This is not possible unless you know (or assume) the shape of the distribution. I will illustrate for the case of a Normal distribution family. The same procedure works for almost any shape of distribution, provided a unique distribution in the family can be determined by just two percentiles. (In practice this usually means the family uses at most two parameters.)
The first step is to draw the probability density function (PDF) for the distribution. This method uses areas to represent probabilities. In the present case the information available to us means that $15$% of the area must lie to the left of $1.07$ m/s and $50$% of the area must lie to the left of $1.33$ m/s. (Subtracting, we deduce $35 = 50-15$% of the area lies between $1.07$ and $1.33$.)
The next step is to look up or compute the values of these percentiles for a standard version of the distribution: this is a distribution of the desired shape (such as Normal) whose percentiles have been tabulated or can be computed. (For mathematical convenience, it frequently has a mean of zero and a unit standard deviation.) In the example we find that the $15$th percentile of the standard Normal distribution is near $-1.04$ and its $50$th percentile is $0$ (exactly). Label the x-axis both with the standard values and with your values:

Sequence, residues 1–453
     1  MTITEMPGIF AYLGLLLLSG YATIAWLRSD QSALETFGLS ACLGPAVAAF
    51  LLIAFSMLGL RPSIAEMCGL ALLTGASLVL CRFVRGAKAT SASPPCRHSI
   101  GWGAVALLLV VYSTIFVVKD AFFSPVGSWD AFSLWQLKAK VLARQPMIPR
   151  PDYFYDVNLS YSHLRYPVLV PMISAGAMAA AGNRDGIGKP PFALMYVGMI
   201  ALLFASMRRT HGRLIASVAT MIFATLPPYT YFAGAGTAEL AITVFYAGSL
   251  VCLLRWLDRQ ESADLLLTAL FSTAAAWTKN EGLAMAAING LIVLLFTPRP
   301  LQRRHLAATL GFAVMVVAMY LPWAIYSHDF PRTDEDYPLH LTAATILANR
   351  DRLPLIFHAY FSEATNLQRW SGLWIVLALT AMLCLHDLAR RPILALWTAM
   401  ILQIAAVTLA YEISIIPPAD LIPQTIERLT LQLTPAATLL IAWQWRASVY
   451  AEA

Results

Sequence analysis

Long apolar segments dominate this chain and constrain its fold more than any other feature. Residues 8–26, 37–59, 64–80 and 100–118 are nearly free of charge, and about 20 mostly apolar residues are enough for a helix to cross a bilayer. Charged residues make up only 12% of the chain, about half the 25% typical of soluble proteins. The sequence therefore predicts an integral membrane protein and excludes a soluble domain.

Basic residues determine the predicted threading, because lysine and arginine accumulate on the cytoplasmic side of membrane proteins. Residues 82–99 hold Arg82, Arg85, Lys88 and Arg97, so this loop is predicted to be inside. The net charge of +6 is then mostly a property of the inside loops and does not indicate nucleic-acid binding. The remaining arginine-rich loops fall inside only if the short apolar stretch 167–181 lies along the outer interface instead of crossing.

Because the x-axis has been labeled with two distinct values that are relevant to you, you can now figure out (through linear interpolation and extrapolation) precisely where to label it with any other values. For instance, suppose you are interested in computing the area between $1.6$ m/s and $1.8$ m/s. Find the locations of those labels and--via linear extrapolation--determine the corresponding standard values:
As an example of the calculation, $1.6$ is $0.27$ greater than $1.33$ and $1.33$ is $0.26$ greater than $1.07$. Because $1.33$ is $1.04$ greater than $1.07$ in the units of the standard distribution, then also $1.6$ should be proportionately greater than $1.33$ in the standard units: that is, it should be exactly $0.27/0.26$ times $1.04$ greater than $0$: that's where the $1.08$ comes from in the figure. The value of $1.87$ is determined in the same way.
Once again, using tables or calculations of the standard distribution (or even a visual estimate), you can determine the area between the values of interest: in this case it is near $11$%.
This pictorial method is useful not only for guiding the calculations, but is helpful for reasoning semi-quantitatively about the distribution. For instance, it should now be apparent that if walking speeds are indeed (at least approximately) normally distributed, then very few will exceed $2.1$ m/sec (that would be out where the right tail appears to meet the x-axis, suggesting a very small area) or be less than $0.55$ m/sec (that would be where the left tail meets the x-axis).